Is there a semi that pulled up because the last seven years you've chosen not to participate in building a place here? That's great. I'm all for you not being stirred if that's what God leads you to do, to not participate in a building opportunity. But are you doing what you said you were going to do or were you like Judas, making an excuse because you had ulterior motive to use that money for what you wanted, not what God wanted?

So why you don't give to building campaigns is a big deal, not just that you in your piety or your being above bricks and mortar because you care about those who are the least of these. Fantastic. This is the last day to jump in with us and get your semi from Kroger and bring it on over. Now those of you who want to do both, let's finish that thing and let's continue to feed…

I'm really encouraged, by the way. We've heard from so many of the folks that there is more given from this one group of people in this month than some places they get from any organization the entire year. So, well done. It's a great time for us to be doing this, not just in the Thanksgiving season where many of us do it alone, but corporately there's a reason we do it in June. That information is in your Watermark News. I'm glad you care about the poor. I'm glad you care about the poor. All right. So why you do what you do matters. These guys?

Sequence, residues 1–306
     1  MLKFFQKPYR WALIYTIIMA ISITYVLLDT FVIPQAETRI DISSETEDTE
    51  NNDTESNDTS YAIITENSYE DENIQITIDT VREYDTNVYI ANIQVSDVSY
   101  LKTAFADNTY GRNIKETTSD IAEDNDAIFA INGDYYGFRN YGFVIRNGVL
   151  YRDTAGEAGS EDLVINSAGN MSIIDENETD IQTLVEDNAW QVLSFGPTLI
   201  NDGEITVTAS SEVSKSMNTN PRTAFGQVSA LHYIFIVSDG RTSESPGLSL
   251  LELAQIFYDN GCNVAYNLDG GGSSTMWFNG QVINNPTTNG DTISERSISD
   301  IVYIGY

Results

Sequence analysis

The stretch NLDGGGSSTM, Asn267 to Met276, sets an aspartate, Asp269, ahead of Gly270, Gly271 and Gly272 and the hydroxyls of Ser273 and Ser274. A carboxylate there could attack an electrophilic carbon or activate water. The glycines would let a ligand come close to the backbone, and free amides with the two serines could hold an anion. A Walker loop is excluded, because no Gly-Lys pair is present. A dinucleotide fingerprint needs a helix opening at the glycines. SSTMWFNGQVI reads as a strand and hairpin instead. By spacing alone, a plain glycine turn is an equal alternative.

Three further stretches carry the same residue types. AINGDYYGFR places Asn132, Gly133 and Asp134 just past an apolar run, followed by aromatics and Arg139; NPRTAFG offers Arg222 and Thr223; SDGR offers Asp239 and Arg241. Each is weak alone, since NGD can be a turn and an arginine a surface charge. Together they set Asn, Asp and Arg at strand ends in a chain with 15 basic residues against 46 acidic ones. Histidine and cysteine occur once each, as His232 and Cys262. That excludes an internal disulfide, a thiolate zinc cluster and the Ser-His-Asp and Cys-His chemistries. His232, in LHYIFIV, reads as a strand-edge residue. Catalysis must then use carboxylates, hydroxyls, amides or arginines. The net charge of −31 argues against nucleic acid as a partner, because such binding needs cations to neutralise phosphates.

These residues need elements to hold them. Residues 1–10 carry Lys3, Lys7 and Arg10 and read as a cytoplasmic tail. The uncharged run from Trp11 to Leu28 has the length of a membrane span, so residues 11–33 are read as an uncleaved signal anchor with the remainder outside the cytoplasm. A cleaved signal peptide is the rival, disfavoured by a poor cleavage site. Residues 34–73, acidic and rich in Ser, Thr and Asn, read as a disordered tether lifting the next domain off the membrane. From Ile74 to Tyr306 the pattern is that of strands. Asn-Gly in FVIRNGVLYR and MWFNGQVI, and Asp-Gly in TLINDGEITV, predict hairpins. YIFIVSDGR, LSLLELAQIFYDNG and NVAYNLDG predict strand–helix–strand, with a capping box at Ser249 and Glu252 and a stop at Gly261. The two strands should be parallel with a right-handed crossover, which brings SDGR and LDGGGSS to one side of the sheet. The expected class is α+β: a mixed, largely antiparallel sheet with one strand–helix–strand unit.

Here, look what it says. It says that there were some who believed. "But some of them…" In contrast to those who believe. "…went to the Pharisees and told them the things which Jesus had done.""He is still out there. He is still doing things and making claims that you boys might want to know about." The Pharisees said, "Seek him." Not because they wanted to follow him, but because they wanted to trap him, and Judas said, "Don't worship that way. Give money over here so it goes to the poor," but he really didn't care about the poor. He cared about him.

Secondly, I told you I want to teach you about this idea. What someone else does should not ultimately matter to you. I'm going to get there in just a moment. Let's catch some other lessons. Let's read this. Look here in verse 45 again where it starts. It says, "Therefore many of the Jews who came to Mary, and saw what He had done…" He had raised a man from the dead! "…believed in Him."

You might read that and go, "Well, of course they believed in him! If somebody would just go around raising folks from the dead today, I'd believe in God too if they did it in the name of the Lord." I want to tell you that is bad thinking. There is a movement, it was especially prevalent through the 80s, but it's still very much exists especially in certain houses that are trying to woo people's affection for God based on what they can see and experience from God.